Revision to Tripoli Rule Regarding Wireless Remote Switches

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FredA

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Don't count on it. NAR used to make you put six switches on a L3 rocket... one on each altimeter's power, and one on each charge
One 4PDT for the charges and a second switch for power.
Only poor switch selection turns this into 6 switches.
 

StanO

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Since relays have been mentioned I thought someone might be interested in a high dollar MIL-SPEC relay (rated for high vibration and shock environments) at BGMicro. $1.50 each today which is way less than the original price.

I love that the BGMicro relay has SPECIAL FEATURES FAILURE RATE 3.0 PCT. Of course my rocket failure rate is higher so using them would be an improvement.o_O

StanO
 

FredA

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I agree one 5PDT.
I like to have power and pyro's on separate switches.
Plus that usually also means I'll have multiple poles for switching power as I often just use another 4PDT switch for that - so two sets of poles for altimeter power and 2 sets for tracking power.
 

Steve Shannon

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I agree one 5PDT.
I like to have power and pyro's on separate switches.
Plus that usually also means I'll have multiple poles for switching power as I often just use another 4PDT switch for that - so two sets of poles for altimeter power and 2 sets for tracking power.
Yeah, I was joking. I wouldn’t want a single point of failure like that.
 

boatgeek

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This is where we start a giant argument about how unsafe that switch would be because it's a toggle and would clearly disintegrate into component atoms or at least bounce under thrust and therefore you're a monster who wants everyone to die in a lawn darts, right? Or was that around Post #100 in this thread? :rolleyes:

Thanks for the pointers that this was a "should" statement and not a "shall" from NAR. I'll also point out that between TRA's present "shall" and NAR's "should", most clubs are probably going to say yes to switch requirements.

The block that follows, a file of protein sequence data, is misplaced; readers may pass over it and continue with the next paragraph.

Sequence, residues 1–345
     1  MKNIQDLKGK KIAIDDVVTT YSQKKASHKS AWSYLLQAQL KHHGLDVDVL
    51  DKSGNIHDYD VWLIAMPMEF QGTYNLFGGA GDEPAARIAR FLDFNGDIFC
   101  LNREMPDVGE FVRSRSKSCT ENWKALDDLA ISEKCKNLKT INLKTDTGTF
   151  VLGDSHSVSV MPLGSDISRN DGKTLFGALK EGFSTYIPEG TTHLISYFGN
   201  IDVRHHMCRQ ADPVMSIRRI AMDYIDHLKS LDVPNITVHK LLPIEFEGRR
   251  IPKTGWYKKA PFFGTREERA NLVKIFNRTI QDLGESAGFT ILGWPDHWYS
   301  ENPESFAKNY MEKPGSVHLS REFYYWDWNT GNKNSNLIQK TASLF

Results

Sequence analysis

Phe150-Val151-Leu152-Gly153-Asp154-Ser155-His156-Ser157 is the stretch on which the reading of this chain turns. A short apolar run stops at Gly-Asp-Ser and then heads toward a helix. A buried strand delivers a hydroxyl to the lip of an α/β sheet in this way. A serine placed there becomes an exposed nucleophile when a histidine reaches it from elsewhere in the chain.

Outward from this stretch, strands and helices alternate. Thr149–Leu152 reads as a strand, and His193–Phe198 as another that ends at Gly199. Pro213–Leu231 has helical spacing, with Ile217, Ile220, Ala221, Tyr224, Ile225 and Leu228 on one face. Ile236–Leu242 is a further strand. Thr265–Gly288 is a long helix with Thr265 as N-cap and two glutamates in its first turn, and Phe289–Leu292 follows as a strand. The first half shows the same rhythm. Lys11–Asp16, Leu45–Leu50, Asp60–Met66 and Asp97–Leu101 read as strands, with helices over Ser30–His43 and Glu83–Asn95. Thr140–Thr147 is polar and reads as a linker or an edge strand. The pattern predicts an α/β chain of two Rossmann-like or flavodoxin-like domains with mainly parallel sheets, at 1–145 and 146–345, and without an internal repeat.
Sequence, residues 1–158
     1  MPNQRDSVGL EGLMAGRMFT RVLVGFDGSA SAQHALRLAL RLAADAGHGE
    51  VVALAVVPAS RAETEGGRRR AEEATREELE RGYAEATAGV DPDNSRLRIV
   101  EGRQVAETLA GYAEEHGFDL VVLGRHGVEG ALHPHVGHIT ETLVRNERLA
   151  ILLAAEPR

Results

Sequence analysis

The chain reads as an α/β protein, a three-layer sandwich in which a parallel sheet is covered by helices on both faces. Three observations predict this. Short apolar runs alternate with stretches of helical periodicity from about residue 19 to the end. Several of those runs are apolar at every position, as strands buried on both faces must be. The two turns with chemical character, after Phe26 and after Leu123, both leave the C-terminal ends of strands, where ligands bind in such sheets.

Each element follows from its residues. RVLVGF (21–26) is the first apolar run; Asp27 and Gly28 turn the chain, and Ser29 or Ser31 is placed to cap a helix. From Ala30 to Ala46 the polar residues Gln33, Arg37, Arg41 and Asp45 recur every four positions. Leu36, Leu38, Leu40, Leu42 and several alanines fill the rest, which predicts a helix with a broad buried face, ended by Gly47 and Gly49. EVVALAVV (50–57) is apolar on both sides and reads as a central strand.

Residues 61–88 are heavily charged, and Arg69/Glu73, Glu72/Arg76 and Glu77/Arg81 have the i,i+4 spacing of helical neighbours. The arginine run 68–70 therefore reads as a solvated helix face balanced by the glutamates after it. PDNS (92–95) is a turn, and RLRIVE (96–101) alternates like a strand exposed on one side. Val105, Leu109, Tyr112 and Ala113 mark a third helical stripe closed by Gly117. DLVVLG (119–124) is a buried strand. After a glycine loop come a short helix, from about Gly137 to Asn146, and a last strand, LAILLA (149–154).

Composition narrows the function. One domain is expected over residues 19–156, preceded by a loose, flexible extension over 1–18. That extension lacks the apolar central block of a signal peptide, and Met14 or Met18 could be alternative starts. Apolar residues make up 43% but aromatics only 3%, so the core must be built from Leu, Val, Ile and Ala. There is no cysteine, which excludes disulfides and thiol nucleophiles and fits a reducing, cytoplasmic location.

FredA

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Doesn't that make the switch a single point of failure? Just sayin'...
Yep - one of many in the rocket - but very low probability of failure as used so one might say "it's the least of my worries."

RISK MANAGEMENT
 
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rcktnut

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Thanks for the pointers that this was a "should" statement and not a "shall" from NAR. I'll also point out that between TRA's present "shall" and NAR's "should", most clubs are probably going to say yes to switch requirements.

This is mentioned before the "should," so should the "should" be a shall instead of a should?:

National Fire Protection Association (NFPA) 1127, Code for High Power Rocketry, requires that the function of firing circuits and onboard energetics be inhibited until the high power rocket is in the launching position and prior to removing the high power rocket from that position. When this wording was proposed, it was assumed that "inhibiting" the function of firing circuits and onboard energetics meant physically "breaking" circuits, e.g. with a mechanical switch or disconnected battery or energetic device.
 

boatgeek

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This is mentioned before the "should," so should the "should" be a shall instead of a should?:

National Fire Protection Association (NFPA) 1127, Code for High Power Rocketry, requires that the function of firing circuits and onboard energetics be inhibited until the high power rocket is in the launching position and prior to removing the high power rocket from that position. When this wording was proposed, it was assumed that "inhibiting" the function of firing circuits and onboard energetics meant physically "breaking" circuits, e.g. with a mechanical switch or disconnected battery or energetic device.
The real question is how much should should a should-chuck chuck if a should-chuck shall chuck should? :D

But seriously, I think that paragraph really gets to the heart of the issue. Back when the rule was written, the only way to inhibit was to physically break the circuit with some kind of switch. Technology has advanced, and it's not clear whether new technology meets the requirements. I'll 100% agree that the original intent was circuit-opening mechanical switches. But that doesn't mean that electronic devices wouldn't serve the same function just as safely.

In a similar vein, there have been a few Supreme Court cases recently that turned on what the Founding Fathers would have thought about cell phones and data privacy.
 

gavel

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Yep - one of many in the rocket - but very low probability of failure as used so one might say "it's the least of my worries."

RISK MANAGEMENT